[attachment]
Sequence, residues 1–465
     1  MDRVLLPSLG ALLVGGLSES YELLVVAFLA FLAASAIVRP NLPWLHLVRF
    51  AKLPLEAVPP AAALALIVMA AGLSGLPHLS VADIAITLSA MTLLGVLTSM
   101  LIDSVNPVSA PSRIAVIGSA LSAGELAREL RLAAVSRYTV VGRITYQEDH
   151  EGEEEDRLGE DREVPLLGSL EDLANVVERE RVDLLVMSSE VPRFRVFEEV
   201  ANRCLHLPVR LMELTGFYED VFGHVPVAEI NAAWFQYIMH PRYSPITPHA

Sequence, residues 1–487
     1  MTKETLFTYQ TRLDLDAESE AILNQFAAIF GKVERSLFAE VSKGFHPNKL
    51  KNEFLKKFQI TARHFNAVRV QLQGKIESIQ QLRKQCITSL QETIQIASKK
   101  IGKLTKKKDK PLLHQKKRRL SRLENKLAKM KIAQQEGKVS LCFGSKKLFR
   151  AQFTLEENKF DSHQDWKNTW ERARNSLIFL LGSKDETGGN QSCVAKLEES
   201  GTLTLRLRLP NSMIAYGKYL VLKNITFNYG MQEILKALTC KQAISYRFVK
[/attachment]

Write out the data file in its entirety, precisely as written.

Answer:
Sequence, residues 1–465
     1  MDRVLLPSLG ALLVGGLSES YELLVVAFLA FLAASAIVRP NLPWLHLVRF
    51  AKLPLEAVPP AAALALIVMA AGLSGLPHLS VADIAITLSA MTLLGVLTSM
   101  LIDSVNPVSA PSRIAVIGSA LSAGELAREL RLAAVSRYTV VGRITYQEDH
   151  EGEEEDRLGE DREVPLLGSL EDLANVVERE RVDLLVMSSE VPRFRVFEEV
   201  ANRCLHLPVR LMELTGFYED VFGHVPVAEI NAAWFQYIMH PRYSPITPHA

Sequence, residues 1–487
     1  MTKETLFTYQ TRLDLDAESE AILNQFAAIF GKVERSLFAE VSKGFHPNKL
    51  KNEFLKKFQI TARHFNAVRV QLQGKIESIQ QLRKQCITSL QETIQIASKK
   101  IGKLTKKKDK PLLHQKKRRL SRLENKLAKM KIAQQEGKVS LCFGSKKLFR
   151  AQFTLEENKF DSHQDWKNTW ERARNSLIFL LGSKDETGGN QSCVAKLEES
   201  GTLTLRLRLP NSMIAYGKYL VLKNITFNYG MQEILKALTC KQAISYRFVK